No Light Rail in Vancouver!
No Density for Boulder
A Boulder citizens’ group managed to gather more than 9,000 signatures in just 18
days to stop the rezoning of some land to allow high-
Boulder residents march together to present their petition to city hall.
The land at issue is a former elementary school, which was closed due to the declining
number of school children in Boulder — no doubt because most families with children
can’t afford to live there. According to this news story (written before all the
signatures were gathered), the rezoning moved the boundary between an existing high-
Now, I have to wonder: is this a good thing or a bad thing? I would certainly support the neighborhood residents if the city were rezoning their property for higher densities. But moving a boundary by 48 feet so that someone else’s property can have a little more density may be different.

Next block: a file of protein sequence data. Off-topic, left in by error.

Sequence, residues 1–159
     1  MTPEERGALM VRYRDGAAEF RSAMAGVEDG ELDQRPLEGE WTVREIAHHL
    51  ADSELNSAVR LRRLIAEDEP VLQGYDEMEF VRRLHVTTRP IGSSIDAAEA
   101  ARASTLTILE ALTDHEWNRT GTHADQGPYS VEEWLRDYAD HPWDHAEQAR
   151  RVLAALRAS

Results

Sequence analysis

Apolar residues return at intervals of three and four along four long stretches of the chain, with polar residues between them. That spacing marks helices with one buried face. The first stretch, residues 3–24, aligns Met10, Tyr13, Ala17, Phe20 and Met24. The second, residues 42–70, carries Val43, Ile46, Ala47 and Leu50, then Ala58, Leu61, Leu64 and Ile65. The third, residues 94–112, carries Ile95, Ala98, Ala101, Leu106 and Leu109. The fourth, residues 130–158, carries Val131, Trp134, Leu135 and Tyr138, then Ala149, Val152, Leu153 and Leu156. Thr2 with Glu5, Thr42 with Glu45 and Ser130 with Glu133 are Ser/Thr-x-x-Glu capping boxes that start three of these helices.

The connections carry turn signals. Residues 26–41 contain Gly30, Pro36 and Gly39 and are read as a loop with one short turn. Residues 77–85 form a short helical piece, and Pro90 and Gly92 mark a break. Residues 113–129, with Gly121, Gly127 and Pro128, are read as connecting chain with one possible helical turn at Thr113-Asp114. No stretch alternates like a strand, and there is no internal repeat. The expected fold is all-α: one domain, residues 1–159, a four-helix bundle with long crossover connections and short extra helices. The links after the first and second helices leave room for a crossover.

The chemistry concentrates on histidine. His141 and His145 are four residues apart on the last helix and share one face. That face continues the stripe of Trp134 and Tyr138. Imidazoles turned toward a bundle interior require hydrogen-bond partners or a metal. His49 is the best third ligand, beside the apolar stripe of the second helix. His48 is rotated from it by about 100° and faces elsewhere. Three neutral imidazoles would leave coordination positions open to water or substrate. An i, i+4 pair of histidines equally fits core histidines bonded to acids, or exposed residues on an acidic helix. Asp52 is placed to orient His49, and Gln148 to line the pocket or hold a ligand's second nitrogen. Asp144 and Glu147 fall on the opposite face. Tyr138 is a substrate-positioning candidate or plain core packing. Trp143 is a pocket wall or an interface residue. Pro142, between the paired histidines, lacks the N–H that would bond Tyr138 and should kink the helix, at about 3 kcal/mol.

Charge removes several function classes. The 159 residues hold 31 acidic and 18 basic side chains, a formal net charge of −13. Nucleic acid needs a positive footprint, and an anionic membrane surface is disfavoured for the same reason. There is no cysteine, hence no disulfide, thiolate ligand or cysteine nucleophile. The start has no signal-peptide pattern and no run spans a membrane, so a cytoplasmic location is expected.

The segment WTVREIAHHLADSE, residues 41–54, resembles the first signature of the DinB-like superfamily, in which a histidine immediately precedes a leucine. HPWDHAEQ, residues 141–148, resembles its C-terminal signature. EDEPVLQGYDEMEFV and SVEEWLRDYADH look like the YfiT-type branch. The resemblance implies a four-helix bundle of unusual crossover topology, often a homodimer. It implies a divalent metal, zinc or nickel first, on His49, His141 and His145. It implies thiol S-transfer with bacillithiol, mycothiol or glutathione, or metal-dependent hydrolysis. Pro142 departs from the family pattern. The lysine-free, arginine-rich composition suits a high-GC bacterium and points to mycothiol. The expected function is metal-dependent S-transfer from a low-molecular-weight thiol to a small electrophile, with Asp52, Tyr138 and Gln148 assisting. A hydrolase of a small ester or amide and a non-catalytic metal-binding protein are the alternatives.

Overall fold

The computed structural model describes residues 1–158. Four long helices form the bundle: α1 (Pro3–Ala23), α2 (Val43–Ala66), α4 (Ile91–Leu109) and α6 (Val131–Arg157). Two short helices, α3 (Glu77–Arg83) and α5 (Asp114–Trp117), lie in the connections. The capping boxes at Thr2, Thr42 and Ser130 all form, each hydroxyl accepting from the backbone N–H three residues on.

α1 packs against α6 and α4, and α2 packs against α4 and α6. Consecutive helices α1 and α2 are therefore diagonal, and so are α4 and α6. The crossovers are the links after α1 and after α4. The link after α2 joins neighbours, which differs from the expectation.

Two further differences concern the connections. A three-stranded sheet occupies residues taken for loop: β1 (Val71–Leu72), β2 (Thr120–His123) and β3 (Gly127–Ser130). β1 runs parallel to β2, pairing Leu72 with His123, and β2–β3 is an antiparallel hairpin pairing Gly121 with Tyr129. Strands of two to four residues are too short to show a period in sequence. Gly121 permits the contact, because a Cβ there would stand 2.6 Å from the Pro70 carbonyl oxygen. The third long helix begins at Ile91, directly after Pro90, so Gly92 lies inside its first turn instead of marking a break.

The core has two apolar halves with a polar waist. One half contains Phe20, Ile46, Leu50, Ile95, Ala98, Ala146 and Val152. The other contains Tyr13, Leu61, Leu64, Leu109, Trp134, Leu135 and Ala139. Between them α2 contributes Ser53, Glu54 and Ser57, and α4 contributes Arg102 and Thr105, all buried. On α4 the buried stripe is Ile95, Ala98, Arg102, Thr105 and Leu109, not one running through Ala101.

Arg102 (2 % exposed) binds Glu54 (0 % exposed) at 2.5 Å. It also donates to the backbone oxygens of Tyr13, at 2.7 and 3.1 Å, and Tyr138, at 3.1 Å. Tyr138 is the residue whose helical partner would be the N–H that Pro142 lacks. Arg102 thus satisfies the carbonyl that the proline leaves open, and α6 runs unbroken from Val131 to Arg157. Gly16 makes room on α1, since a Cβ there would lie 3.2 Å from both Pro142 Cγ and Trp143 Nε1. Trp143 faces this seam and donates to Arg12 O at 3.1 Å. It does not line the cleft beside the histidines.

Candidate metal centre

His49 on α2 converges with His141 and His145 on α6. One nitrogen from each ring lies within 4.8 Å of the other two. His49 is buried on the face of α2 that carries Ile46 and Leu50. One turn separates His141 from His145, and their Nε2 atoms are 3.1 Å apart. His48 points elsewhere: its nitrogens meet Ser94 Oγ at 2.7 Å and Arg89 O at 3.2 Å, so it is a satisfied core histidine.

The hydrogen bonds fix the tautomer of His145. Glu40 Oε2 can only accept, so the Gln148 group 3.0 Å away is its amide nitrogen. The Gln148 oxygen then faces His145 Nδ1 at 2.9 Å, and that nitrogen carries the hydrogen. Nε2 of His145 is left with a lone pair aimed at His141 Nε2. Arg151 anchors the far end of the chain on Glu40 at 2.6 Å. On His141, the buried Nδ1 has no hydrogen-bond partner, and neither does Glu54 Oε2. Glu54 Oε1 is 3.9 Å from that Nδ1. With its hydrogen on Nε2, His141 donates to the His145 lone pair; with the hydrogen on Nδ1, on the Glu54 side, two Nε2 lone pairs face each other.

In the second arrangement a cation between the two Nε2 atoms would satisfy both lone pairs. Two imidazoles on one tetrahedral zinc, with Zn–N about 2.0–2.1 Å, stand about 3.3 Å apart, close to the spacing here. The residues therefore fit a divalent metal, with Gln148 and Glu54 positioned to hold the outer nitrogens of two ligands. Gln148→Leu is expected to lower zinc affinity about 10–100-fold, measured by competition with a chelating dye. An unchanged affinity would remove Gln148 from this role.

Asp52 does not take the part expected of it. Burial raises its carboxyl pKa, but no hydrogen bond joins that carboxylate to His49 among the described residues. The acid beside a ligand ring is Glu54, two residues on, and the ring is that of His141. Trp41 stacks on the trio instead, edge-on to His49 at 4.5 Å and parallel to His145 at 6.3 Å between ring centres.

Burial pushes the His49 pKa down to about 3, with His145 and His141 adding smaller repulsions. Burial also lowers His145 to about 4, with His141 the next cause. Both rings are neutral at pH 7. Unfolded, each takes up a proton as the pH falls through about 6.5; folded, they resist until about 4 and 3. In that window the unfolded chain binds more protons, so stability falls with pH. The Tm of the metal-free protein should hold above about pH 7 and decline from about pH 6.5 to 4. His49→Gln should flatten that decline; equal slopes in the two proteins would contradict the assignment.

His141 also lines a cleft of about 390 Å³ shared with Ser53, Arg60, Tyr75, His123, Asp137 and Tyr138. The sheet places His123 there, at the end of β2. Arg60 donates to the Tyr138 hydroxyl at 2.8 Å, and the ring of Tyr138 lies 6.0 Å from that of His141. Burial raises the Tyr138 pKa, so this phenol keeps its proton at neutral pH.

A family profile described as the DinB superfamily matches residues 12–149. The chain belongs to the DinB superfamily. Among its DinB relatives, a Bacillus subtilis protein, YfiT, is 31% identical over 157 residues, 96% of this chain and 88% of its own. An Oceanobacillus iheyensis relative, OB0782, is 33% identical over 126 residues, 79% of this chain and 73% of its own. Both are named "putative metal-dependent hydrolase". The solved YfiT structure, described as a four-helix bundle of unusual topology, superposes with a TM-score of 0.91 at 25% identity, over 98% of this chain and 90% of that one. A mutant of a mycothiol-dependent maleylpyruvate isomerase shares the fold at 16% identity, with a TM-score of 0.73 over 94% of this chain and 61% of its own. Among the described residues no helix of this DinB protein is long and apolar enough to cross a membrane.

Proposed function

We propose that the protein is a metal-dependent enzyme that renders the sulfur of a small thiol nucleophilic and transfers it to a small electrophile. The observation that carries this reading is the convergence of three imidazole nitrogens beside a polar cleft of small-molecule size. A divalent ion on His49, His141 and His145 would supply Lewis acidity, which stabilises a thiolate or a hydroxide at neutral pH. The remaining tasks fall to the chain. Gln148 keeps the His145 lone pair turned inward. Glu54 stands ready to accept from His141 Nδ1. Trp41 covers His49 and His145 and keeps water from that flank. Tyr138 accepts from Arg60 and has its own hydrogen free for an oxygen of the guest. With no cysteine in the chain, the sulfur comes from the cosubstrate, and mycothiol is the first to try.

It is likely that none of this would be an issue at all were it not for Boulder’s
The result of these policies is that Boulder has some of the most, if not the most, expensive housing of any U.S. urban area that is not in a coastal state. By now, most of the buildable land in the city must already be developed, so developers naturally will want to put higher densities on the remaining land (such as a former school site).
You can have affordable housing or you can curb sprawl. If you curb sprawl, you can partly mitigate the unaffordable housing by allowing higher densities. But, unless you have so destroyed your economy in some other way that no one wants to live there, you can’t have low densities, greenbelts, and affordable housing all at the same time.
The real solution for these neighbors is to get rid of the greenbelt. This would
take away the demand for high-
So they engage in ballot-
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Reprinted from The Antiplanner